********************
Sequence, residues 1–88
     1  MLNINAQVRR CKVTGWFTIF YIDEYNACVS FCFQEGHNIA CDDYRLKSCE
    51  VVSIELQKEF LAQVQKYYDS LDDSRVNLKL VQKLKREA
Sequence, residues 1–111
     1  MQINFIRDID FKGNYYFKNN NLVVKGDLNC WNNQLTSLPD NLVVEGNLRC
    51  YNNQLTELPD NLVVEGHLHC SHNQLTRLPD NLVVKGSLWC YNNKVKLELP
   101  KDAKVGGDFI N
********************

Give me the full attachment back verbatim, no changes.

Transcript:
Sequence, residues 1–88
     1  MLNINAQVRR CKVTGWFTIF YIDEYNACVS FCFQEGHNIA CDDYRLKSCE
    51  VVSIELQKEF LAQVQKYYDS LDDSRVNLKL VQKLKREA
Sequence, residues 1–111
     1  MQINFIRDID FKGNYYFKNN NLVVKGDLNC WNNQLTSLPD NLVVEGNLRC
    51  YNNQLTELPD NLVVEGHLHC SHNQLTRLPD NLVVKGSLWC YNNKVKLELP
   101  KDAKVGGDFI N